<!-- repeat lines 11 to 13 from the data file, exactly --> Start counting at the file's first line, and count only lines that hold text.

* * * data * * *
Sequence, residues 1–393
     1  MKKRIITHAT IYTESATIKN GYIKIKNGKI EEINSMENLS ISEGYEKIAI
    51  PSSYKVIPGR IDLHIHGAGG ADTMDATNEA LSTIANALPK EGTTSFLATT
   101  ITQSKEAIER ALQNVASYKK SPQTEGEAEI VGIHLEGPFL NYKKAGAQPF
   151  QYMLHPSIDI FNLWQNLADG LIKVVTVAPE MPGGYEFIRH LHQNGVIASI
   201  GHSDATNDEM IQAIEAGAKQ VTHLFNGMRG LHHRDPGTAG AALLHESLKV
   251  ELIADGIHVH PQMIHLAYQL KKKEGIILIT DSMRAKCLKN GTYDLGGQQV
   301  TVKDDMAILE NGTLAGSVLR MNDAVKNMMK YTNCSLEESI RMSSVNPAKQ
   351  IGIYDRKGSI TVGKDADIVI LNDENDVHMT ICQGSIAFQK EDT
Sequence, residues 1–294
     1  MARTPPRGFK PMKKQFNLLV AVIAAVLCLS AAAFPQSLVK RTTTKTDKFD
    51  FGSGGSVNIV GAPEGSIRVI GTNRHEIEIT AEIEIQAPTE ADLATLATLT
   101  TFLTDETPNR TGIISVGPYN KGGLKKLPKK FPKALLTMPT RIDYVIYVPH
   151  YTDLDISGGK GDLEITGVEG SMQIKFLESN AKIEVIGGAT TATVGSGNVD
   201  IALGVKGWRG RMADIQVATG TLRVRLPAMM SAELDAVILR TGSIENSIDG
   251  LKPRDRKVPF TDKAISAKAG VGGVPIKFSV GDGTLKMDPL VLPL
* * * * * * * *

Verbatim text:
     1  MARTPPRGFK PMKKQFNLLV AVIAAVLCLS AAAFPQSLVK RTTTKTDKFD
    51  FGSGGSVNIV GAPEGSIRVI GTNRHEIEIT AEIEIQAPTE ADLATLATLT
   101  TFLTDETPNR TGIISVGPYN KGGLKKLPKK FPKALLTMPT RIDYVIYVPH